Huston argues that ethnocultural ties and birthplace prove poor predictors of Democrats’ votes. Instead Illinois Democrats moved to the Republicans or chose not to vote based on their fear that the territories would be closed to non-slaveowning settlers. Moreover, Huston argues that historians need to widen their chronological scope, focusing not solely on the 1850s but on voting patterns from the 1840s to the Civil War’s outbreak to capture realignment’s ebb and flow.[4]

Modern commentators on the 2016 election have weighed some of these same factors, including religion and ethnicity or race. Huston reminds us that issues are crucial to political change. Realignments occur over a long period, not just one or two election cycles.

To paraphrase President Trump’s comments on health care, “Now, I have to tell you, Civil War causation is an unbelievably complex subject.”[5] But while no one evidently knew how complicated health care is, Jim Huston knows about the complications that brought on the Civil War. Revisiting his essay renews our attention to the difficulties of understanding causation and the necessity of paying attention to all the actors involved in an historic event.

[1] “Trump Quotes about Andrew Jackson and the Civil War,” New York Times, accessed May 1, 2017,

[2] James L. Huston, “The Illinois Political Realignment of 1844-1860: Revisiting the Analysis” The Journal of the Civil War Era 1, no. 4 (December 2011): 506-535.

[3] Huston, 507. For some of the major works on Civil War causation, see David M. Potter, The Impending Crisis, 1848-1861 (New York: Harper, 1976); Michael F. Holt, The Political Crisis of the 1850s (New York: Wiley, 1978); William E. Gienapp, The Origins of the Republican Party, 1852-1856 (Oxford: Oxford University Press, 1987).

[4] Huston, 512, 519-27.

[5] Kevin Liptak, “Trump: ‘Nobody Knew Health Care Could Be So Complicated,” Accessed February 28, 2017,

Nicole Etcheson

Nicole Etcheson is the Alexander M. Bracken Professor of History at Ball State University, where she teaches courses on the sectional crisis, Civil War, and Reconstruction. Her most recent book, A Generation at War: The Civil War Era in a Northern Community (2011), won the 2012 Avery O. Craven Award from the Organization of American Historians. She can be reached at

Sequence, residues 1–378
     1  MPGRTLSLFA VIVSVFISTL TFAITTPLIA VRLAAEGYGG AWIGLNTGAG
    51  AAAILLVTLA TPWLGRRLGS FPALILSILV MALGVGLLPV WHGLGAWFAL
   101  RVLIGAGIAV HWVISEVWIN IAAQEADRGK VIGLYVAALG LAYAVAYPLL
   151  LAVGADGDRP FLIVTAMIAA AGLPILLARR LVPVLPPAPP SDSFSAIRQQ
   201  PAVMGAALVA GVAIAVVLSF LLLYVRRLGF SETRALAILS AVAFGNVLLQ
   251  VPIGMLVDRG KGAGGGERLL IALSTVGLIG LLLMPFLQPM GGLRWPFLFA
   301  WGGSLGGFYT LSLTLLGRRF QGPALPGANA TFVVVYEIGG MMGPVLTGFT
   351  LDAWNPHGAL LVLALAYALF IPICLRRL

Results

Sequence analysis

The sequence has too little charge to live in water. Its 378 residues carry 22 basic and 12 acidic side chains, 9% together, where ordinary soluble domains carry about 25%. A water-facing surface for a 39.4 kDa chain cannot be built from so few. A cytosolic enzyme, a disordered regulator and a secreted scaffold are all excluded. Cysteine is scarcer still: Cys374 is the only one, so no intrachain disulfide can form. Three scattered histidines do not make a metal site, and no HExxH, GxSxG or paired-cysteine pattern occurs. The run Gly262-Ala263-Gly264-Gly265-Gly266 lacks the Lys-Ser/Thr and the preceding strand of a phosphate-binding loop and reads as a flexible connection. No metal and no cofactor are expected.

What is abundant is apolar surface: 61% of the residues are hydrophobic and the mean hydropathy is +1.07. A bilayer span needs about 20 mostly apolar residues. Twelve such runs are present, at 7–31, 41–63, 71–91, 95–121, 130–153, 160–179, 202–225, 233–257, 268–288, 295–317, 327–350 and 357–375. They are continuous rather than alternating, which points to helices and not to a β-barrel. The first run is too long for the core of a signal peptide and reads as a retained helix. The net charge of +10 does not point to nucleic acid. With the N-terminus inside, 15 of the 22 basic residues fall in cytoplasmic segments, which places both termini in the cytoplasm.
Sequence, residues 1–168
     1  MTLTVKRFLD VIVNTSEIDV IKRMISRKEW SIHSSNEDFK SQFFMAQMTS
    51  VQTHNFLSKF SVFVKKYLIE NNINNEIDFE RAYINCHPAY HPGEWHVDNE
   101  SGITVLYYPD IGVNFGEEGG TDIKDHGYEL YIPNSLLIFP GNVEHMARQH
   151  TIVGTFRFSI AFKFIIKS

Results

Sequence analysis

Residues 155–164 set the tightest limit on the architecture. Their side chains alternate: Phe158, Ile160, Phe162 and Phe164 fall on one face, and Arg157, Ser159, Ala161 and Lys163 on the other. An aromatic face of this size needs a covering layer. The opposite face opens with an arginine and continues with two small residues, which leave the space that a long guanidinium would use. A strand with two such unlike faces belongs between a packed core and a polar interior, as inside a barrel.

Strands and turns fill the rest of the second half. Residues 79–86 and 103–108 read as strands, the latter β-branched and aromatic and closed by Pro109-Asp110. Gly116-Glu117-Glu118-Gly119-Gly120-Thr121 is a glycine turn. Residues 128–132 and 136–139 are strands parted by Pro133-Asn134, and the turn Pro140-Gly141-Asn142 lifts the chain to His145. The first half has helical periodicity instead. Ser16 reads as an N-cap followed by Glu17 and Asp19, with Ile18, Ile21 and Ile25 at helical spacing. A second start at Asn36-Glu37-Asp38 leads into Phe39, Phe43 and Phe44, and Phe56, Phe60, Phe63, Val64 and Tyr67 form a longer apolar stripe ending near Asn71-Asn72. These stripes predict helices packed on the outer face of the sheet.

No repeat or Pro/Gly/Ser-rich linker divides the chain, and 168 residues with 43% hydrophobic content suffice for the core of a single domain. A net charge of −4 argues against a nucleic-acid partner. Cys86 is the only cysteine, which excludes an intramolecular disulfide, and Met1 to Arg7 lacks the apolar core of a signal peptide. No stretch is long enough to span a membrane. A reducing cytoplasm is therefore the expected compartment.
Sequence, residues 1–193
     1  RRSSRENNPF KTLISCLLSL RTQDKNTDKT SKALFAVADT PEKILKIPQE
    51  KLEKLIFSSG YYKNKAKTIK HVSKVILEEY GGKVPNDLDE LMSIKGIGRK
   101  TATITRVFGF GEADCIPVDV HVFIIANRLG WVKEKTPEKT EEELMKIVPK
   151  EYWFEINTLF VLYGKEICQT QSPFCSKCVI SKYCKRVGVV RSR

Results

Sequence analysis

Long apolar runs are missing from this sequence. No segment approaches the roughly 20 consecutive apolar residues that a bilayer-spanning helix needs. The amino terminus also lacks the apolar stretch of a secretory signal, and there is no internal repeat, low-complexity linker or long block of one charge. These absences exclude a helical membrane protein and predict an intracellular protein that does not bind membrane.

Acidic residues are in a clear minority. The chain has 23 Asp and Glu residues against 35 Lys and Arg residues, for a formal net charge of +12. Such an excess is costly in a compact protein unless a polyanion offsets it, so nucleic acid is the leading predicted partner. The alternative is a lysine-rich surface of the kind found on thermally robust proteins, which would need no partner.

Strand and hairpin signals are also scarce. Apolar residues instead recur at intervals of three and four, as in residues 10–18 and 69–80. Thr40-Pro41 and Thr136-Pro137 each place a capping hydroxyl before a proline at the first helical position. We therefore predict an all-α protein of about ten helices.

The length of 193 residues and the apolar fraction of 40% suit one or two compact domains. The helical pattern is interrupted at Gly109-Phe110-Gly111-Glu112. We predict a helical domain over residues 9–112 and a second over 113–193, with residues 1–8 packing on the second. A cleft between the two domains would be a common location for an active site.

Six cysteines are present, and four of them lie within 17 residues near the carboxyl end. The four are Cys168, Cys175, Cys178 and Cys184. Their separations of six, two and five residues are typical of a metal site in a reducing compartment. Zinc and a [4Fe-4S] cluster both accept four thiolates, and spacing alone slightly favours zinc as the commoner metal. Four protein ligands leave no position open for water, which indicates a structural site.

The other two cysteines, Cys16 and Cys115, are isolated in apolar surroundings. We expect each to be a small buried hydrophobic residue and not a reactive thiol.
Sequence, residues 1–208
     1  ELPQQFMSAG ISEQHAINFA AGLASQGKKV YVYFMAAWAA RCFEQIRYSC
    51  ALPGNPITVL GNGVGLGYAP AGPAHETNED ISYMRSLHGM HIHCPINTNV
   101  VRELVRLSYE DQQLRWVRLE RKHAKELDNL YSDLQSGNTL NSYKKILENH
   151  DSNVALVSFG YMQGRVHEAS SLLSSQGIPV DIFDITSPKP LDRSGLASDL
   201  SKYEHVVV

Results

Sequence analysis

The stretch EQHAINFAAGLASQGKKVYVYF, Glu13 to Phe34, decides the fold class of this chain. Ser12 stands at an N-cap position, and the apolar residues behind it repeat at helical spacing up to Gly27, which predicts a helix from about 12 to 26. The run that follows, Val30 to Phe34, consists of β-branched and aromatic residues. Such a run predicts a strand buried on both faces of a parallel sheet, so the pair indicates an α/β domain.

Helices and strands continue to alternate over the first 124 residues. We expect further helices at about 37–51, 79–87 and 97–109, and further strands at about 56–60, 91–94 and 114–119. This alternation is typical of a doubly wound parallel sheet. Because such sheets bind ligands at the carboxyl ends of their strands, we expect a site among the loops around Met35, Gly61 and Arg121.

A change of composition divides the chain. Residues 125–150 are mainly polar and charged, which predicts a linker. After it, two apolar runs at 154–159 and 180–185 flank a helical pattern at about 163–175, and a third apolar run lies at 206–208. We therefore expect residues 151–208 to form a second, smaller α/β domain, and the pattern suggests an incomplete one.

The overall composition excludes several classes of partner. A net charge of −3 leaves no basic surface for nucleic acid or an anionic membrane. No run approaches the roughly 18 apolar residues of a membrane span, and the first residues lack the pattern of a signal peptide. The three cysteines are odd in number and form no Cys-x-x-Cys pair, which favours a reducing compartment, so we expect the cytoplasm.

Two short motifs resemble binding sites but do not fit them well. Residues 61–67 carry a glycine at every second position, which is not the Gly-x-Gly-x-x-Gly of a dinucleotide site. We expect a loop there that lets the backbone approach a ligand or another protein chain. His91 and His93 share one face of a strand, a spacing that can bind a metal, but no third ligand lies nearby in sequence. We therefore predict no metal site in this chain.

Civil War Causation and Antiwar Sentimentalism: Why I Read, and Re-Read, Yael A. Sternhell on the New Revisionism

Earlier this week, the President of the United States made an appalling blunder: Andrew Jackson, declared President Trump, “was really angry that he saw what was happening with regard to the Civil War.”[1] Pundits fumed. Historians took to the Twittersphere to “fact check” the POTUS. Others denounced the President’s intellect. The venerable biographer Jon Meacham, in an interview with MSNBC, likened the President’s brain and its erratic intellectual activity to a pinball machine.[2]

Central to the excitement surrounding President Trump’s miscue is an enduring sentiment that surfaces with some frequency in conversations of Civil War causation. Why? Why nearly 800,000 killed? The short answer, of course, is slavery. Only a historically illiterate person, or the most unrepentant Lost Cause adherent, fails to recognize this. As Gary Gallagher has noted, the decades since 1960 have produced a vibrant literature that has placed African Americans and emancipation squarely at the center of Civil War scholarship. Yet despite a near consensus on the centrality of slavery to Civil War causation, some historians have lamented, and recently, that a divided America needed to fight that war. The sentiment is more established than many realize. In his meta-narrative revision to the Neoabolitionist school, David Goldfield, an Avery Craven associate in his days at the University of Maryland, declared that the Civil War remains America’s “greatest failure.” The conflict deemed irrepressible, writes Goldfield, was not inevitable after all. Other means might have ended the heinous institution.[3] William J. Cooper, a dean of Southern history, revitalizes a similar interpretation in We Have the War Upon Us.[4] How can historians make sense of these divergent historiographical traditions – orthodox Neoabolitionism and throwback Revisionism – and view them as a coherent whole?

Enter the New Revisionism, which Yael A. Sternhell traces skillfully in her historiographical essay “Revisionism Reinvented? The Antiwar Turn in Civil War Scholarship” (in the June 2013 issue), which uniquely balances these historiographies.[5] In her assessment of the literature, Sternhell suggests that American military misadventures in Vietnam and the Middle East have effected a greater cynicism among academics who assess the character of the Civil War. New Revisionists, she notes, inspired by the late Michael Fellman and led by such scholars as Stephen Berry, Brian Craig Miller, and Megan Kate Nelson, fixate on the less savory dimensions of war. Practitioners dwell on dark tales of terrorism, torture, and ruin. Heroes emerge as villains. [6] But in an important contradistinction, the New Revisionism has channeled earlier Revisionists’ aversions to violence even as it has dismantled the needless war myth. Sternhell characterizes the essence of Dark Turn literature as an “emphasis on process.” New Revisionists do not question the good of emancipation. Instead, she writes, their works stress how belligerents participated in the war. In a fitting conclusion, she counsels historians to “approach the Civil War with all the uncertainty, skepticism, and realism with which we treat other wars and historical events.”[7] This is helpful advice.